denounced the ordinations and declared them invalid. Charges were filed
against the dissident bishops. Attempts were made to prevent the women from
serving their priestly ministries." 1
||1974-OCT-27: Revs. Allison Cheek, Carter Heyward, and Jeannette Piccard celebrated
their first public Episcopal service at Riverside Church in New York, NY.
The Rev William Wendt invited Alison Cheek to
celebrate at St Stephen's and the Incarnation in Washington, DC. He is later
charged, tried and disciplined for violating canons.
||1974-DEC: Rev Peter Beebe invited Alison
Cheek and Carter Heyward to celebrate at Christ Church, Oberlin, OH. He is
charged and tried for violating canons.
||1976-JUL: After much heated debate, the 72nd General Convention in Philadelphia
passed a resolution declaring that "no one
shall be denied access" to ordination into the three orders of
ministry: as deacons, priests or bishops, on the basis of their sex. A second
resolution declared that no one could be barred from participating in the life and
governance of the church, either because of their gender, or because of their theological
beliefs concerning the ordination of women. They asked that non-conforming dioceses report
in 1979 on their progress towards female ordination to the House of Bishops and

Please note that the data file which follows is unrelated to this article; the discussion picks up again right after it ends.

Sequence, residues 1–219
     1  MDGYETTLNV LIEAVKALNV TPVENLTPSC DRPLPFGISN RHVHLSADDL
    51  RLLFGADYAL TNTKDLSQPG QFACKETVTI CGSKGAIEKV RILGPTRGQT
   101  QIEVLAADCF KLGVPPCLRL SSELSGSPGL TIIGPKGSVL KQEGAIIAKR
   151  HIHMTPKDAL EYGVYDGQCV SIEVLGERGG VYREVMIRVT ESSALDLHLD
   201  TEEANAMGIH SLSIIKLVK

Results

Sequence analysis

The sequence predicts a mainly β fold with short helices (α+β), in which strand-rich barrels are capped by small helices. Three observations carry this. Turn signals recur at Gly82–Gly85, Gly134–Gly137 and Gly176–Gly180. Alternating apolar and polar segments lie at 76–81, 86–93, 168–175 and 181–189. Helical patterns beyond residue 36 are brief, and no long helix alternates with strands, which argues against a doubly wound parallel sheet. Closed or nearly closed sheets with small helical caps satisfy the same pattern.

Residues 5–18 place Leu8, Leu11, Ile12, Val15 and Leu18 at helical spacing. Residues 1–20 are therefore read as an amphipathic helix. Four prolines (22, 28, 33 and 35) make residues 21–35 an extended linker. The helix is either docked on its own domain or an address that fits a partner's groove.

Council. They were asked to also report to the next General Convention in
2000. If they don't, they faced the possibility of a church trial. One of the four bishops,
the Rt. Rev. Jack Iker of Fort Worth, said that he planned to undertake "active
resistance to the directive...I cannot compromise my conscience because I have serious
theological reservations." He decided to continue to refuse to ordain
referring them to another diocese instead.
||1977: The priests who were irregularly ordained at Philadelphia
and Washington were "regularized." One hundred women are ordained by
||1978: The Lambeth Conference accepted female ordination as an
option at the discretion of the local province.
||1988-SEP-24: The Rev. Barbara C. Harris was elected Suffragan
Bishop of Massachusetts. She was consecrated on 1990-FEB-11.
||1997: Only four dioceses still refused to ordain female priests:
Eau Claire (WI), Fort Worth (TX), Quincy (IL), and San Joaquin (CA). 3
||2000-JUL: By the time of the 73rd General Convention, Eau Claire
diocese had accepted women as priests, San Joaquin had made some progress in that direction,
but Fort Worth and Quincy had not budged. The sense of the convention was that
"the time had come." 24 years had passed since female
ordination was permitted. Deputies from the three dioceses pleaded for
"tolerance." Task force A045 was created by the Convention to "visit, interview, assess and
assist" the three dioceses in their efforts. They were asked to make semi-annual
reports. "A substitute